Thursday, November 25, 2010

Thanksgiving with the Turkeys

Last weekend the weather was perfect-indeed it was unseasonably warm, with a bright sunny sky and crisp clean air. We arrived at Poplar Spring Animal Sanctuary just after noontime. After signing in and giving our financial donation, we ambled over to the rows of white-clothed tables to place down my Tupperware container of rice and cranberry salad. There were already all sorts of foods set out on the table--everything from mashed squash to black bean and sweet potato chili. Clearly today was going to be as always a glorious vegan feast. But first we had to pay our respect to one of Poplar Spring's more famous residents--its sole white turkey,Opal.

She was standing by the little house next to a food and water dish. Amazingly everyone else was just strolling past, not noticing her. I went over to say hello and stroke her soft white feathers. She is 6 years old now, very old by any standard since turkeys are usually slaughtered around 4 months old. My heart does a jig every time I see her. She is so sweet and friendly, when as a turkey once destined for slaughter she has every reason not to be.

I for one give thanks this year and every year for Terry and Dave and the volunteers at Poplar Springs not only for taking in animals like Opal but also for letting us come together at the sanctuary every year. Hundreds of strangers coming together for a cruel-free feast--what a true joy. Let's be honest--where else can you have a peaceful, argument-free Thanksgiving? Here you won't find that obnoxious uncle who overindulges in the beer or the aunt who insists on arguing that being vegan is so dangerous to one's health. At Poplar Spring, we all unite in peace for love of all animals, to truly give thanks for them and for each other in a life-affirming way. Isn't that what Thanksgiving is supposed to be about?

Wednesday, November 24, 2010

Thanks but no thanks

The above cartoon is one of Dan Piraro's best, in my humble opinion. It begs the question, how does eating a tortured animal express in any way our personal gratitude for the blessings we have received in life? I still marvel that until I turned 40 and vegetarian, I had participated so willingly and happily in this barbaric tradition. Why did I not ever put two and two together?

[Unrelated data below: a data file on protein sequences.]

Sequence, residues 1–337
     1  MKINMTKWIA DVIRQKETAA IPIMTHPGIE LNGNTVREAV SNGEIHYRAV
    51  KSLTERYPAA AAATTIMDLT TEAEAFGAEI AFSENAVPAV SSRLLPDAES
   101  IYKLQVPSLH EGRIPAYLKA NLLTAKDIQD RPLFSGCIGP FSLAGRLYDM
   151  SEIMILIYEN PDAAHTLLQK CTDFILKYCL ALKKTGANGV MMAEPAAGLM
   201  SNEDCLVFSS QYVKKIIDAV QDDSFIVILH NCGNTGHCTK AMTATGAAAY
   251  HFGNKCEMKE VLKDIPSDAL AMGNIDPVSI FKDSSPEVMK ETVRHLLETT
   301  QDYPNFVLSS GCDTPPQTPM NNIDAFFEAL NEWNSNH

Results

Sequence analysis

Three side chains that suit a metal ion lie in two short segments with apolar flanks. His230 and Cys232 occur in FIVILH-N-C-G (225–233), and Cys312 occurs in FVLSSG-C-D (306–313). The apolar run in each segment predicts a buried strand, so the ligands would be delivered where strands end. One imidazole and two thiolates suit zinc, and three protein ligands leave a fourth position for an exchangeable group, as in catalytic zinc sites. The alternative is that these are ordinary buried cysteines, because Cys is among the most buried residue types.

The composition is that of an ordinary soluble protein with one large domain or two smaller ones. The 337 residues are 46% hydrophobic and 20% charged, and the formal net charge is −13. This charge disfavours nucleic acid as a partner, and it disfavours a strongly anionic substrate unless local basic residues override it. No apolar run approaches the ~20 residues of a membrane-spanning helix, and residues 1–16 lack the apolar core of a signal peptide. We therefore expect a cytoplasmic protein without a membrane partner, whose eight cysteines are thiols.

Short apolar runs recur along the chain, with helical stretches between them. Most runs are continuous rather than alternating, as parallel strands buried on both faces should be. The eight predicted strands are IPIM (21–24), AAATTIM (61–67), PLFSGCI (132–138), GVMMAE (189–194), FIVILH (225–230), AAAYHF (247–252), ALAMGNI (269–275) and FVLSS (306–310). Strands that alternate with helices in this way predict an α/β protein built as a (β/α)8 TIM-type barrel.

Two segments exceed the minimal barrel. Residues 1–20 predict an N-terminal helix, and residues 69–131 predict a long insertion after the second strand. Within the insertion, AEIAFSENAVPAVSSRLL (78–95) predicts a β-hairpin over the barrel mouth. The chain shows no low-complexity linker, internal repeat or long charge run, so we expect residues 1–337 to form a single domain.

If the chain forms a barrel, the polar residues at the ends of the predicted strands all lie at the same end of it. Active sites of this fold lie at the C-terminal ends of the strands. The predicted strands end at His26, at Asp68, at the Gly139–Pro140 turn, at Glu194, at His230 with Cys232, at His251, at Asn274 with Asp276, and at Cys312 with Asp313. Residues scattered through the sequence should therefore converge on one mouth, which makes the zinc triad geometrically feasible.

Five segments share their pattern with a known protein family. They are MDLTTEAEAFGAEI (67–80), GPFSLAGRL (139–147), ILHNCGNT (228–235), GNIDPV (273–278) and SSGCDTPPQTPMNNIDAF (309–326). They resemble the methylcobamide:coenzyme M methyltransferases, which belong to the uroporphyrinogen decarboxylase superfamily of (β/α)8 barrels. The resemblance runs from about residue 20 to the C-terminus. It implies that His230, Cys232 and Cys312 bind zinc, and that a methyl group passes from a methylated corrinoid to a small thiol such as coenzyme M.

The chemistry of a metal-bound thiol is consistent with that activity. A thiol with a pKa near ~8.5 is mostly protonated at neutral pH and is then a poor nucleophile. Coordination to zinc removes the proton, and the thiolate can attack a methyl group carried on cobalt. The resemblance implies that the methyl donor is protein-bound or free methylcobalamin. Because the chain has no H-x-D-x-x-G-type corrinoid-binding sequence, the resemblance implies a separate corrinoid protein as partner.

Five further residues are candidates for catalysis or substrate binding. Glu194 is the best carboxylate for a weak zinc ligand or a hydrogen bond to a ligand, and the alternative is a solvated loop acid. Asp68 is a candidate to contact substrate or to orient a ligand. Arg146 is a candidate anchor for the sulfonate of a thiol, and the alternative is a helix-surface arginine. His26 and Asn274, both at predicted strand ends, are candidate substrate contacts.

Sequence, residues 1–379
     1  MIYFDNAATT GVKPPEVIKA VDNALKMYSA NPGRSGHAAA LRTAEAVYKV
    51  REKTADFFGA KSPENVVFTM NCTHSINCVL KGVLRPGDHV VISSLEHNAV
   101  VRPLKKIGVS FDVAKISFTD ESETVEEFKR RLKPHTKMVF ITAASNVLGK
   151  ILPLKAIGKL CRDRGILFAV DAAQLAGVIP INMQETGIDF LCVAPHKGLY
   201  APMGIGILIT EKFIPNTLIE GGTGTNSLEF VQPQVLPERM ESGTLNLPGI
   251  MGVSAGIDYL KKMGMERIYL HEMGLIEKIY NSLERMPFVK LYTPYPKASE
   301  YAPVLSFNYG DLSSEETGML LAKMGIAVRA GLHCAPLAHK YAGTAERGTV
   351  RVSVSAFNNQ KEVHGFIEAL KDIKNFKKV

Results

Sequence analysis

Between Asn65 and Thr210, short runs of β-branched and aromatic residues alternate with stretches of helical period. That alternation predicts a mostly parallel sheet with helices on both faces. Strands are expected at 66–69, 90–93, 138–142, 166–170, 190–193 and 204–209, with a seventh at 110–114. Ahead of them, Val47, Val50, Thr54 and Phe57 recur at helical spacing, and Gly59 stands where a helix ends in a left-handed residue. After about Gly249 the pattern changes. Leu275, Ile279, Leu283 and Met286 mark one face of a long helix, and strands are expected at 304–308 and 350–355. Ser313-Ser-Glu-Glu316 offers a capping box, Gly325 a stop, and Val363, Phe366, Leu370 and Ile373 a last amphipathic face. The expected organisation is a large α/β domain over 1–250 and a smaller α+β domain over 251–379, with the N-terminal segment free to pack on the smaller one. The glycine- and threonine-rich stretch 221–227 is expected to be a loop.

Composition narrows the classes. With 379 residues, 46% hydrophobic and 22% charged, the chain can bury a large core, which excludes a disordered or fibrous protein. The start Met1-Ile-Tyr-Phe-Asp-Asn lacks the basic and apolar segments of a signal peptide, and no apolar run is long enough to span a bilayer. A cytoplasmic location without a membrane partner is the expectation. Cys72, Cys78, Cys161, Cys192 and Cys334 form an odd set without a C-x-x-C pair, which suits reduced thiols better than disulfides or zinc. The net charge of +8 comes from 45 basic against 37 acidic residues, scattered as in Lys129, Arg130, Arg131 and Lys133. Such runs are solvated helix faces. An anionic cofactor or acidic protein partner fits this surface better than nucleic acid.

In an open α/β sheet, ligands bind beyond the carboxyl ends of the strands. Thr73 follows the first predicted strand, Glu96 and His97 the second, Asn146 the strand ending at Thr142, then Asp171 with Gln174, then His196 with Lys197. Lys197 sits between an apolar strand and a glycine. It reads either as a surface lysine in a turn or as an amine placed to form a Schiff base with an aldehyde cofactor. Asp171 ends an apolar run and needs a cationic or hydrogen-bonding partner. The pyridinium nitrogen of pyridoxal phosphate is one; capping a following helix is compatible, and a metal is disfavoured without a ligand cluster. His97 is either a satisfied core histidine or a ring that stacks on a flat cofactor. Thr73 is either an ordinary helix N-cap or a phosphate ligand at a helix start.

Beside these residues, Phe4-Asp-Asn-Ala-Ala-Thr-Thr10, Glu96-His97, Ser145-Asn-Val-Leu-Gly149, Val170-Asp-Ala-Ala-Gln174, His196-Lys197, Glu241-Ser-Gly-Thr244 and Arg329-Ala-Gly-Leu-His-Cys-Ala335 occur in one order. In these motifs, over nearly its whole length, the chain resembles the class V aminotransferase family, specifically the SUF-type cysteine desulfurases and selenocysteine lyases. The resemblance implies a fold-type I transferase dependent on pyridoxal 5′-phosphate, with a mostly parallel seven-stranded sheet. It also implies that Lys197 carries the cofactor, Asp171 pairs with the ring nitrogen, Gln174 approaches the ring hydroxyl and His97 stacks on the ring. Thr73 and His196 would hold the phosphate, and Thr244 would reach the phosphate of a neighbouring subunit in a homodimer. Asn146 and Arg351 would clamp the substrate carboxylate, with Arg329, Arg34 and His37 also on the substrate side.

Today of course was the day of one of America's more disturbing traditions, which is the Presidential pardoning of two turkeys out of the millions that will be slaughtered to satisfy greedy human appetites. Watching President Obama usher out his daughters to witness this act of mercy was a bit irritating to me and yet a part of me hoped, part of me so desparately wanted to see either Sasha or Malia say to their father, "But Dad, why can't you spare ALL the turkeys in the country?" Wouldn't that have been something? I suppose we must wait for Dennis Kucinich to become President for such a magnanimous gesture to be made.

Sunday, November 21, 2010

Woody and Cinnamon - Home Sweet Home

The new digs for Woodstock and Cinnamon

Cinnamon enjoying her new room with a view

Woodstock enjoying his bunny jacuzzi (also known as a Homedic Foot Spa, until now, collecting dust in a closet.)

Saturday, November 20, 2010

As the Rabbit World Turns

So we had to move my basement bunnies to the third floor of our townhouse last weekend. You would think such a thing to be simple, right? You would perhaps if you haven't been living with rabbits for eight years.

Here's the thing- rabbits are very territorial. And the hard truth is, we only had one other room to use for Woodstock and Cinnamon's new home. It happened to be a place that my bunnies Ghirardelli and Willow occasionally used as a playroom. I emphasize the word occasionally. Ghiri and Willow live in a luxurious six foot tall cube cage we lovingly call Thump Tower. It stands in what little space we have left in our bedroom. They get to play on our bed and bounce on our backs in the morning to waken us at godawful early hours. So please don't think they are living the life of Jane Eyre.

Still, they are really pissed off about their new neighbors. Every night Ghirardelli comes down the hall to glare at the new occupants. At the moment Woody seems to care less--he has more important things to concern himself with, namely how to connive to get more papaya treats out of Mommy. At first Cinnamon seemed spooked by the swarthy black rabbit who comes to thump in protest before the gate every night. But tonight I caught her hopping after him as Ghirardelli turned to head back to Thump Tower. Willow has also stopped by to look disdainfully with her one eye at Woody and Cinnamon. She is not at all amused, but that is almost a perpetual state with her.